CHAPTER 1: BACKGROUND
Climate change presents significant problems for all of humanity. The question is no longer whether climate change is real. The question is what climate change means for individual communities, businesses, and constituencies. What groups are more vulnerable to climate change impacts? What business sectors have more to lose? What political constituencies face greater health and economic burdens? What are the solutions that will work for everyone? These questions will increasingly influence climate change discourse during this century.
This report focuses on a specific population and location—low-income communities and people of color in California—and it demonstrates the degree to which these groups face significant and unequal climate change risks, exposure, and overall burden. The health implications of increased air and water pollution, heat waves, and other weather-related crises result in disproportionate negative impacts for people of color and low-income communities. Similarly, the economic impacts of climate change—such as higher prices for food, water, and energy—will impose new economic burdens on low-income households.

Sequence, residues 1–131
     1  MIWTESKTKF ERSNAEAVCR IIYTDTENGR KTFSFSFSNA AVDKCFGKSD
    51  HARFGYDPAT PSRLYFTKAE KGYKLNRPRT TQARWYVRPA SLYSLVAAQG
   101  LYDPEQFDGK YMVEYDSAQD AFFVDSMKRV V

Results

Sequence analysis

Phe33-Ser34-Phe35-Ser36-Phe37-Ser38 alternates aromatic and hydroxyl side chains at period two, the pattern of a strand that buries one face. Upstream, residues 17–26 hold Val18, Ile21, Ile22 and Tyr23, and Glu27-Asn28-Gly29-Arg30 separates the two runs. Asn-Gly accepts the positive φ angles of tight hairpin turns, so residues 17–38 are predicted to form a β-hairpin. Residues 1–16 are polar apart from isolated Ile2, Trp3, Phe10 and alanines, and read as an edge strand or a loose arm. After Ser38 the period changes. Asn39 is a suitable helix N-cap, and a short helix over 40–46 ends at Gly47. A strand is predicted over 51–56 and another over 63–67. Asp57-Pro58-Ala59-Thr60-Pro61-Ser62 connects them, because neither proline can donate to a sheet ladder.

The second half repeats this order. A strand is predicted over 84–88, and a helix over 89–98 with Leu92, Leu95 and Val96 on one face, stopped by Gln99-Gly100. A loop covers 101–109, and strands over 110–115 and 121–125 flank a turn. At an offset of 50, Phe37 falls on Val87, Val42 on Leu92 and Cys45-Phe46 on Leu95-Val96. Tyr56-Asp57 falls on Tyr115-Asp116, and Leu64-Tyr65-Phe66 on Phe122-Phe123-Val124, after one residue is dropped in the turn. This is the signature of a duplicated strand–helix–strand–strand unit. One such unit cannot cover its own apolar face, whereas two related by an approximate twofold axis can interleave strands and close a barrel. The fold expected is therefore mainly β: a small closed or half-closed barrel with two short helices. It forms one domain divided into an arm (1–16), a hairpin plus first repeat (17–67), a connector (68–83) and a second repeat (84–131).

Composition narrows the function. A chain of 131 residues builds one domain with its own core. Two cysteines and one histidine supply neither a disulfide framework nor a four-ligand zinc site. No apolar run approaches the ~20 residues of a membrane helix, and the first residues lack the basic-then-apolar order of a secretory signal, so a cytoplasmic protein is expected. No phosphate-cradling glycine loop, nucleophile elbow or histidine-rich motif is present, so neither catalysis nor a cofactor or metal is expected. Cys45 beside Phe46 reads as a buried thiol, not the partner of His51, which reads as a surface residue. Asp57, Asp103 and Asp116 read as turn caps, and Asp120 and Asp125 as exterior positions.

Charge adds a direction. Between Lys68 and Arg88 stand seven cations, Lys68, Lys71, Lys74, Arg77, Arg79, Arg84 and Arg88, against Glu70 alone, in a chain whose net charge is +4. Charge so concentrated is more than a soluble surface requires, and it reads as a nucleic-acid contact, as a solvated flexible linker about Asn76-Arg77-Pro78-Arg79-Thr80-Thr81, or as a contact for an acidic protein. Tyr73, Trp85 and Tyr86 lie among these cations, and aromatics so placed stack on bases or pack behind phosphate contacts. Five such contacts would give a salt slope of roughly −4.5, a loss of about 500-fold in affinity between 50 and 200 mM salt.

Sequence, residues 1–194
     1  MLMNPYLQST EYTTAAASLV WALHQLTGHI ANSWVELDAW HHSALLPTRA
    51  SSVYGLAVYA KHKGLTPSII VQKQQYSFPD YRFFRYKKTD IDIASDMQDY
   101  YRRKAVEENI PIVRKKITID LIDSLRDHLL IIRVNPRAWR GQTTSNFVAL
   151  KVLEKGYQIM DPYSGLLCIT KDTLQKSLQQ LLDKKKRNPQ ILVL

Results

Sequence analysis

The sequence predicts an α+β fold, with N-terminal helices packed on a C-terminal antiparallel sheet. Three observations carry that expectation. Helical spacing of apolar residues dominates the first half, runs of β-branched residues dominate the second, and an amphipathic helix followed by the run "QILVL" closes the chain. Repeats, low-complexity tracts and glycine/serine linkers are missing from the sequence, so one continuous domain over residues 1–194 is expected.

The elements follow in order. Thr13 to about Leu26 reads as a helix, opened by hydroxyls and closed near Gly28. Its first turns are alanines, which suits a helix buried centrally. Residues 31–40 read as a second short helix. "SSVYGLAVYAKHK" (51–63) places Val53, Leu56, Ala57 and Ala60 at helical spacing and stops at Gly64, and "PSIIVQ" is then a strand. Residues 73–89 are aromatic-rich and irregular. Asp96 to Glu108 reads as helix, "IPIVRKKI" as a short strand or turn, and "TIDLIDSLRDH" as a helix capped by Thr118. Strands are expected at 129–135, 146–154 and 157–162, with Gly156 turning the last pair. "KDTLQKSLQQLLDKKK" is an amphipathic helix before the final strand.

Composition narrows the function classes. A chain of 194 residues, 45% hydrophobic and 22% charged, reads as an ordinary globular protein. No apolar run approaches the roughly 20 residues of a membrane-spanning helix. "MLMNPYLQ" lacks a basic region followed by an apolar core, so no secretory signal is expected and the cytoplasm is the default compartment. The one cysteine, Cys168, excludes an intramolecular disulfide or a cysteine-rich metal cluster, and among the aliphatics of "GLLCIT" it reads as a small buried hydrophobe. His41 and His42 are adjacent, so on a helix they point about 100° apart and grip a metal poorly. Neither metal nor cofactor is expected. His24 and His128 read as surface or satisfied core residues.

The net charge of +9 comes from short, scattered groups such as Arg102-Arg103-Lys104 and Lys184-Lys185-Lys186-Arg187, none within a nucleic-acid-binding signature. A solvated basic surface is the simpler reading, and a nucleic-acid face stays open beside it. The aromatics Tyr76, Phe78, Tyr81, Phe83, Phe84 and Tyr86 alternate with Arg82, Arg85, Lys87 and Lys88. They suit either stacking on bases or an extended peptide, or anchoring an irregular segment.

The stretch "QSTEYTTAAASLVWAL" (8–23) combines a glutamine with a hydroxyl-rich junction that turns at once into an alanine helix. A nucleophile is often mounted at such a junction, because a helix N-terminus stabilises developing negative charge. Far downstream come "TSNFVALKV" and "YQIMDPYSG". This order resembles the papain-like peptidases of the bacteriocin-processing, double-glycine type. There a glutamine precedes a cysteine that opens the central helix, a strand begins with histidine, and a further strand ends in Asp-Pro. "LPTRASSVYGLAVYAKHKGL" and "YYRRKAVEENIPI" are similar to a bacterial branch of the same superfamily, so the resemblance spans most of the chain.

Leaders and policymakers need to understand these unequal impacts and must know how the specific communities in their areas will be affected. In looking at the factors (not all of which are geographic) that produce these differences, leaders and policymakers can develop policies to help the constituencies they serve. Local and regional initiatives not only complement global efforts on climate change but also provide opportunities to involve more stakeholders, to act rapidly, and to utilize precise knowledge in assessing the costs and benefits of mitigation and adaptation.